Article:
And again, my mind wandered, this time to Randall Thompson’s “Last Words of David.” David’s last words were a command and testament, in the sense of testifying about something. “He that ruleth over men must be just; ruling in the fear of G-d” That’s the charge, the command. And if the ruler is just? “He shall be as the light of the morning when the sun riseth, even as a morning without clouds when the tender grass riseth out of the earth after rain.” The obedient man will be blessed and will prosper. During the middle ages, someone’s last words were very, very important and people gathered to hear them.* Often, final disposition of property happened at that point, and the individual was thought to be closer to the divine, and so might offer a warning or revelation. If the person was dying in public (i.e.executed), then it was anticipated that he or she’d have a speech, sometimes humorous, sometimes dramatic, occasionally a confession “Yes, I was terrible and I deserve this and don’t do what I did.” And of course we have modern jokes about “Here, hold my beer!” or “What could possibly go wro—” and so on.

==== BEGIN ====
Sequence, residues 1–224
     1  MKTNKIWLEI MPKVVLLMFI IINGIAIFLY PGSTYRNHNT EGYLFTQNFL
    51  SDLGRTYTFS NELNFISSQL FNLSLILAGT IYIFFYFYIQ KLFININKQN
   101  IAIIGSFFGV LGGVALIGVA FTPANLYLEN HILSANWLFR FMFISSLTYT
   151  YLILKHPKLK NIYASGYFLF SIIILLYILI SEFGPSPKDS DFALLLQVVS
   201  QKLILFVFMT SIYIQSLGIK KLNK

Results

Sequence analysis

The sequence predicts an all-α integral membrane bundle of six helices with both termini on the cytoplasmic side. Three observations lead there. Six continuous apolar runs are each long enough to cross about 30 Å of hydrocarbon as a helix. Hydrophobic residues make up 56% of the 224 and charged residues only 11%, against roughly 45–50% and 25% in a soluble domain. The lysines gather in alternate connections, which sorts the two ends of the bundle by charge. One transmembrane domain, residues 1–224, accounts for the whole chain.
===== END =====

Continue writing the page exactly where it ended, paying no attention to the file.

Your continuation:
Death used to be a community matter, too important to happen in solitude, if possible. The meaning of life used to be a community matter as well, although I suspect the majority of people wouldn’t phrase it like that. Having relatives in the church yard meant that you belonged to the place. Going back much farther, having relatives in the chamber tombs and mounds surrounding Stonehenge also meant that you and your people belonged. The ancestors watched as the transition from life to death concluded for the individual, and the community feasted to honor the dead and the living. Life was family continuity, blood-kin or faith-kin, and the meaning of most people’s lives was to ensure that another generation or two had property and a good model to build upon.